The time savings in design-build projects are realized by eliminating the lead time necessary to contract a designer and then accepting bids from contractors to build the design. Projects move from design to construction much faster through the use of the single design-build contract.

Construction Management-at-Risk Approach

Construction management-at-risk (CMAR) is a method of project delivery in which an owner contracts separately with a designer and a contractor. The owner contracts with a design company to provide facility design. The owner also selects a contractor to perform construction management services and construction work, according to plans and specifications.

In this approach, integrated efforts provide value-added expertise because the contractor usually has significant input in the design process. The contractor generally guarantees a maximum construction price.

Although similar to the design-bid-build method, there are the three key differences.

  • A construction manager is hired to manage the construction process, including the selection of subcontractors.
  • Through coordination between the architect and construction manager, the design and construction phases can be overlapped, thereby expediting the delivery process.
  • The construction manager, who is responsible for quality control, scheduling, and the estimate of construction costs, provides a guaranteed maximum price for the project.

Unlike the design-bid-build approach, construction management administers the process on behalf of the owner, keeping the owner’s best interests in mind. In the design-bid-build approach, the architect assists the owner in ensuring that the contractor’s work conforms to the contract and its drawings and specifications. Often, however, the owner lacks the time, expertise, and objectivity to effectively coordinate all the activities related to construction. The owner, whether an individual or an organization, needs representation by a technically qualified manager who can coordinate all the construction activities from building concept and design to occupancy and completion of the final punch list.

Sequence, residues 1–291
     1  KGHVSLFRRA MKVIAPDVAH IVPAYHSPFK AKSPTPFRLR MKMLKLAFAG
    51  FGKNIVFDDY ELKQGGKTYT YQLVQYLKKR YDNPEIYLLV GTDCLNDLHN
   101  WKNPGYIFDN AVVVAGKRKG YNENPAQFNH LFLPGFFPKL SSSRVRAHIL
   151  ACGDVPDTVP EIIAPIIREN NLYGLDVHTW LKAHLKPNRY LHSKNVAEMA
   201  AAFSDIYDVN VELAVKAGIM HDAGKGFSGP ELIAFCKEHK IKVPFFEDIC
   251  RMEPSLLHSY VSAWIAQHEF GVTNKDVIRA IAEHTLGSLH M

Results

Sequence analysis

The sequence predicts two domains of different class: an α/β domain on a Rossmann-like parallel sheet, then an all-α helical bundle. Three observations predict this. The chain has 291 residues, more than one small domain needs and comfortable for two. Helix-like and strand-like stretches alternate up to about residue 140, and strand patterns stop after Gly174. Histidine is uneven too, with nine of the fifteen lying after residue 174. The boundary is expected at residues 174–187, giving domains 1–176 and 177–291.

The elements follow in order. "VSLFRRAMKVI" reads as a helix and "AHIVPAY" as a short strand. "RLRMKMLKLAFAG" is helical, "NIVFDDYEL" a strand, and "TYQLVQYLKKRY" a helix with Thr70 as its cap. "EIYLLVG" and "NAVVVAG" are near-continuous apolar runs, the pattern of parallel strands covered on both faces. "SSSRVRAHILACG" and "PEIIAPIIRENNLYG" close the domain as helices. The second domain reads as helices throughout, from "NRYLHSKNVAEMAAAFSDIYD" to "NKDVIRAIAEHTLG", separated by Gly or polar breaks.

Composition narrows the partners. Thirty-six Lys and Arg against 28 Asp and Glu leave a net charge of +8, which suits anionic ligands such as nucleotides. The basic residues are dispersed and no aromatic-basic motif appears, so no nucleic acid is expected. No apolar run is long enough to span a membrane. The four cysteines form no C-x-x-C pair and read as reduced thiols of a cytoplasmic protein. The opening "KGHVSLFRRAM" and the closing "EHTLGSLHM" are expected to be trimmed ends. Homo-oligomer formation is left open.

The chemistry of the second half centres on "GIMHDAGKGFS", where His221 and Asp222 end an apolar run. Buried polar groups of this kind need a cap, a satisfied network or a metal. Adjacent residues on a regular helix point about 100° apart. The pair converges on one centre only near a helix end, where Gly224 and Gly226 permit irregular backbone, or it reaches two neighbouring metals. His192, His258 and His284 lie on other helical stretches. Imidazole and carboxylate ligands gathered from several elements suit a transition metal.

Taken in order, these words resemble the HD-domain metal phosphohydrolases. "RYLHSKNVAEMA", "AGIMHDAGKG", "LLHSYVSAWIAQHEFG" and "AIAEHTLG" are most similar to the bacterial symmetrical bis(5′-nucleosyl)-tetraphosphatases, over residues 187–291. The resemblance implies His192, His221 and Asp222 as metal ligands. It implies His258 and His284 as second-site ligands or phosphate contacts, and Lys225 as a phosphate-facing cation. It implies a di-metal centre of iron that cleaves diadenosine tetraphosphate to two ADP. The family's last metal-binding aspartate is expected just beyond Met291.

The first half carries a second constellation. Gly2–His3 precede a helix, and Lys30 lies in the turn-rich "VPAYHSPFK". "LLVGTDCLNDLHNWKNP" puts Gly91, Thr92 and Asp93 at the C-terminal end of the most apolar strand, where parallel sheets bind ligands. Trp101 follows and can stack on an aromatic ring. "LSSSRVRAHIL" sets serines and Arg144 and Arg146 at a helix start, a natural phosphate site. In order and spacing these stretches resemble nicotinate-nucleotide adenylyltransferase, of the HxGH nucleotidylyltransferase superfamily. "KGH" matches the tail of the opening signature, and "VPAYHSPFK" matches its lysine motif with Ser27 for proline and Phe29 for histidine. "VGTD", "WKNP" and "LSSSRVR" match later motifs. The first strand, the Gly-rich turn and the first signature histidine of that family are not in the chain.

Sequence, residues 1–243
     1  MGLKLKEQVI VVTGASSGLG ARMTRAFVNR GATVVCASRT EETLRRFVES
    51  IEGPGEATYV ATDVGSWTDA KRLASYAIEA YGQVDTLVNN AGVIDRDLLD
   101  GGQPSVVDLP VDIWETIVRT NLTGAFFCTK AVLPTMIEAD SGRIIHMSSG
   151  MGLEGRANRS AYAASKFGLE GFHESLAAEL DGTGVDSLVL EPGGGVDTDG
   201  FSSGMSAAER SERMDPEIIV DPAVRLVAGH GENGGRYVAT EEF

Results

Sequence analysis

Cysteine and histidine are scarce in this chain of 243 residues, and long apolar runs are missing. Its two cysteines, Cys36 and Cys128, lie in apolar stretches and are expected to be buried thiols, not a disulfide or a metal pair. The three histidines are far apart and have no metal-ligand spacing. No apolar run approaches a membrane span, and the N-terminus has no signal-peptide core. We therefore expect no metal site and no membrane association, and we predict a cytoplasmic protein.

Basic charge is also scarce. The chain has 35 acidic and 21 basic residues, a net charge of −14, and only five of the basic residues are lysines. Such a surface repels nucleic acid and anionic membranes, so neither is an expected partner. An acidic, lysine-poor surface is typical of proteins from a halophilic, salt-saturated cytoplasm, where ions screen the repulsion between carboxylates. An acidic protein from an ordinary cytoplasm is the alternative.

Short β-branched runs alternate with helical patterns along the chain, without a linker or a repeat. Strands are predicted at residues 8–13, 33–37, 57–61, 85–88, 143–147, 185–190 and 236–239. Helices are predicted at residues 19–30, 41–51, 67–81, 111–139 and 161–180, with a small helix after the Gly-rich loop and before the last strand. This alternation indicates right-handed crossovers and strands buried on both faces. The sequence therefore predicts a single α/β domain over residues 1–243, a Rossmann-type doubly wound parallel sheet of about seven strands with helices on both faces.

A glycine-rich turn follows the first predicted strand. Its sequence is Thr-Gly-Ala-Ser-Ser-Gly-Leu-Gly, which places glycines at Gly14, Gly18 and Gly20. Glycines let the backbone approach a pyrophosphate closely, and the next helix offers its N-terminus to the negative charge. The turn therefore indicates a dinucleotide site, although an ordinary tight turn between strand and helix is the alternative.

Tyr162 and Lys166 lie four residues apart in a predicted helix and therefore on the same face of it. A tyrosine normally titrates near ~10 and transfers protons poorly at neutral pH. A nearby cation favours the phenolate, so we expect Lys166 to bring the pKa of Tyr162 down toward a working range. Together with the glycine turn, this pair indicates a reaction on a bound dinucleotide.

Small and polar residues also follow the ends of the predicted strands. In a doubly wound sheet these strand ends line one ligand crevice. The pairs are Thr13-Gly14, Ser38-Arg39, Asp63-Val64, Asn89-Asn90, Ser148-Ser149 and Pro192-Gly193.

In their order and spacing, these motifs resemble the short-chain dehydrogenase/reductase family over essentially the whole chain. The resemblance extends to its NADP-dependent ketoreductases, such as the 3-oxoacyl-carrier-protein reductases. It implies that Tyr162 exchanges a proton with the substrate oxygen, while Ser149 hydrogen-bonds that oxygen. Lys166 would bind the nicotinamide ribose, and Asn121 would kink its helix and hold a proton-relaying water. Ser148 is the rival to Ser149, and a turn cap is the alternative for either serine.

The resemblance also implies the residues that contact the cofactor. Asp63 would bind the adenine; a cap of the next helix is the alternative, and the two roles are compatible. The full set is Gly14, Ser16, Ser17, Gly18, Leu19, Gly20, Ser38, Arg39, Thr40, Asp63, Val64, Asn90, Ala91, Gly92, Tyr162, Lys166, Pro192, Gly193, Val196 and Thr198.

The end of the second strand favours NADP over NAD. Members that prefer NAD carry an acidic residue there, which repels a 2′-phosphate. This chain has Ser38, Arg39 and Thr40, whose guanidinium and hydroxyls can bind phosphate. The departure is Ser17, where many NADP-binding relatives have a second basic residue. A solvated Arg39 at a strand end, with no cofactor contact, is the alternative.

The different interests of the owner, design professional, and contractor can lead to conflict. The owner wants the best finished product for the least amount of money. The design professional wants the best design while earning a profitable fee. The contractor wants to meet the drawings and specifications at the highest profit. Thus, the goal of producing a quality building is tempered by each party’s financial motivation. The construction manager is hired by the owner to promote a team effort and manage the two separate activities of a building project—design and construction.

Multiple Prime Contracts Approach

The multiple prime contracts approach, also known as professional project management, is a method of project delivery in which an owner divides a project into two or more parts and then enters into a separate contract for each part. Multiple prime contracts are often used for large or complex construction projects that require phases and multiple bid packages. A bid package is prepared for each significant, definable phase. The owner (often a public entity) contracts with design and construction organizations, and often a construction manager, for each of these phases.

Under the multiple prime contracts approach, the project administrator manages the total project, coordinating the design, contracting, scheduling, and funding of each subproject to get the job completed on time and on budget. This is often called fast-track construction. Major highway construction with subprojects like bridges, interchanges, and other components is a contemporary example. Multiple structure and mixed-use projects are other examples. In addition to their immense structural challenges, these projects often present unique financial demands and legal complexities.

This article is adapted from BOMI International’s The Design, Operation, and Maintenance of Building Systems, Part I course, part of the RPA and FMA designation programs. More information regarding this course or BOMI International’s new High-Performance Sustainable Buildings credential (BOMI-HP™) is available by calling 1-800-235-2664. Visit BOMI International’s website,